Still another object of the invention is to hold the pressure on the cement in a squeeze job operation so that it can be determined whether the formation is being blocked off by observing pressure upon the cement.
Another object of the invention is to apply pressure to a body of cement in a well and to hold such pressure on the cement while observing the pressure gauges with the view of determining when the formaticn has been blocked by the fact that the pressure on the cement will be lowered if the cement is filtering into the formation; whereas, if the pressure remains constant it will be evident that the cement has blocked the formation and has taken its initial set.
Still another object of the invention is to provide a cement retainer which will afford an indication at the surface as to when the formation is blocked so that the tool can-be removed and the well washed out so as to avoid forming a cement plug in the well.
Other and further objects of the invention will be readily apparent when the following description is considered in connection with the accompanyin drawing wherein:
Fig. l is a side elevation of the upper end of the tool showing certain. parts in section.
Fig. 2 is a vertical sectional view of the lower portion of the tool being a continuation of the lower end of Fig. 1.
Fig. 3 is a section taken on the line 3-3 of Fig. 2 illustrating the connection of the slips to anchor the device. p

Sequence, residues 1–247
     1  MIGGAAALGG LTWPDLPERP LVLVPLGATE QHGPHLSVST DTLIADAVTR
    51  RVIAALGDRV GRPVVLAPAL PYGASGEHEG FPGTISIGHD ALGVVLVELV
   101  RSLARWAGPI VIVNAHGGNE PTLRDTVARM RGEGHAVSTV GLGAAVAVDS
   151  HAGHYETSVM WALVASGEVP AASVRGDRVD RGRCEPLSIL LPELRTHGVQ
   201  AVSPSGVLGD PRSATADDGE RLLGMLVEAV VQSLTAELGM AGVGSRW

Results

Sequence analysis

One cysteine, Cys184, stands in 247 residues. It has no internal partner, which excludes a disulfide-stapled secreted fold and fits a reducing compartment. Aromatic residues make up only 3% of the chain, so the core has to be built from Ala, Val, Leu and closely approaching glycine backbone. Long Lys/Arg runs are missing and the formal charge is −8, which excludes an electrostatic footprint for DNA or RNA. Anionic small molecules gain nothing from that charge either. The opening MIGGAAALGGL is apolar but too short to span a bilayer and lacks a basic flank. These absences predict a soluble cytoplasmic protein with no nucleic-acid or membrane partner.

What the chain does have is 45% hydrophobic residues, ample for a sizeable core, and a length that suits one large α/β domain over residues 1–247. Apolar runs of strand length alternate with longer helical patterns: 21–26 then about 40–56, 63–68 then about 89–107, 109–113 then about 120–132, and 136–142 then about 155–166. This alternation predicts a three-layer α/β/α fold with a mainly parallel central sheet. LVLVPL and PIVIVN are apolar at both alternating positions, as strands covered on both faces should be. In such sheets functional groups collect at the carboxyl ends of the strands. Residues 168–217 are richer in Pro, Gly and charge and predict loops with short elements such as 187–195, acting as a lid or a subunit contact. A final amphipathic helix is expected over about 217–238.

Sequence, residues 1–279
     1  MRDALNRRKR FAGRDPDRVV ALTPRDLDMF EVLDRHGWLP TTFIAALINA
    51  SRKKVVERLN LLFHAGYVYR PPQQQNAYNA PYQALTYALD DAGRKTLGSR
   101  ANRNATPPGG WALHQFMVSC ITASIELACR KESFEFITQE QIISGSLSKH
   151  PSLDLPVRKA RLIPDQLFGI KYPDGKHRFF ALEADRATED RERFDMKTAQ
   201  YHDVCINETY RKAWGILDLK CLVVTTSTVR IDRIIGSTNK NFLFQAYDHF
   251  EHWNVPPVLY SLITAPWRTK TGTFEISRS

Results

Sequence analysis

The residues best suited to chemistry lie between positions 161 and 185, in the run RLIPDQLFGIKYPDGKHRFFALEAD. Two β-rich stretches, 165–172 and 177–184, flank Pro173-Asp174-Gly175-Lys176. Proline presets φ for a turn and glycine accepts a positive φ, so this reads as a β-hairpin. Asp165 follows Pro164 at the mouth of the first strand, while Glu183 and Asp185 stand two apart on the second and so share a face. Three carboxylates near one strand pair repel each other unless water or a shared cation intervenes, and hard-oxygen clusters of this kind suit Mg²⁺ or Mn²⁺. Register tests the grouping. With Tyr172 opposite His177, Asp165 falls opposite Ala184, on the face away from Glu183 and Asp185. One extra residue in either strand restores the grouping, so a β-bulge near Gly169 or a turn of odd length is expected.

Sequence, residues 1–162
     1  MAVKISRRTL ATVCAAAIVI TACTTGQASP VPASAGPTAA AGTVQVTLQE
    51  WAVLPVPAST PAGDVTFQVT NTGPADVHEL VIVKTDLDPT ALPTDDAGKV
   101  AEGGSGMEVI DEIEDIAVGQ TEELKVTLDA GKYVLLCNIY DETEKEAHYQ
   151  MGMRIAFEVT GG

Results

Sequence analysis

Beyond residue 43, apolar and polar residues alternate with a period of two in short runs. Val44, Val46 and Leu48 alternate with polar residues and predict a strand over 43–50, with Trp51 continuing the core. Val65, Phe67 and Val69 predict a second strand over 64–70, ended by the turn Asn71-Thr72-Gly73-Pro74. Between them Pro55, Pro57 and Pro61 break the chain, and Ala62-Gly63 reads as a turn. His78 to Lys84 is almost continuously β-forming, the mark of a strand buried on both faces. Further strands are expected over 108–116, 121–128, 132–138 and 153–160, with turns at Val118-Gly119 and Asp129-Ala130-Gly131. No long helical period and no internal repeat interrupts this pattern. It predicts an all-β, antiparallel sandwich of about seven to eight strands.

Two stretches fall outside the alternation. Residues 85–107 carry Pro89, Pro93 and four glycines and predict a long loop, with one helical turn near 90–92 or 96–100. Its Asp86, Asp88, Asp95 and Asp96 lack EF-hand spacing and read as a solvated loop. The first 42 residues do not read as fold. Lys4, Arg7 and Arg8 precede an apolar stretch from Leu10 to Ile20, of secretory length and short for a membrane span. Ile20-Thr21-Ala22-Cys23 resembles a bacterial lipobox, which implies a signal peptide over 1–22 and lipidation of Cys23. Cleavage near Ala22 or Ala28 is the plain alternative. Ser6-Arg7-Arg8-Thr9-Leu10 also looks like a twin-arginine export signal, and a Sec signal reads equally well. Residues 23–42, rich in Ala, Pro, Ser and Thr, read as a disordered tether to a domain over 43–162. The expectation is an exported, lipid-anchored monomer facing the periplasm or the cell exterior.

Fig. 4 is a vertical sectional View of a string of pipe in thewell with a tool anchored therein.
.Fig. 4 shows a string of pipe 2 in the well which may be the well casing, the production string or even a string of tubing thru which it is desired to force a cement slurry into the formation. This pipe is shown in section and has positioned therein the cementing tool or retainer indicated generally at 3. This retainer is arranged to be manipulated by means of a string of pipe ,4 known as the operating string. This may be a string of drill pipe or a string of tubing as desired.
The tool 3 is best shown in Figs. 1 and 2 and includes a body or mandrel 5 which is arranged to extend substantially the length of the tool. The upper end of this mandrel has a head I telescopically arranged thereon, and the head! is made up of a sleeve 8 having a cap 9 threaded thereon. A flange l0 protrudes from the inner wall of sleeve 8 into the interior of the sleeve and limits the upward movement of the head relative to the top of the mandrel by engaging a collar H which is threaded onto the upper end of the body 5.
The upper end of the cap 9 is threaded at H to receive the operating pipe 4.
The sleeve 8 has a port or passage l which is adapted to be aligned with a port or passage is in the side of ,the mandrel 5 when the head is elevated as shown in Fig. l, in which position some of the liquid flowing downwardly thru the operating pipe and into the central unobstructed opening or passage 20 thru the mandrel will discharge thru these ports into the pipe 2 outside of the tool.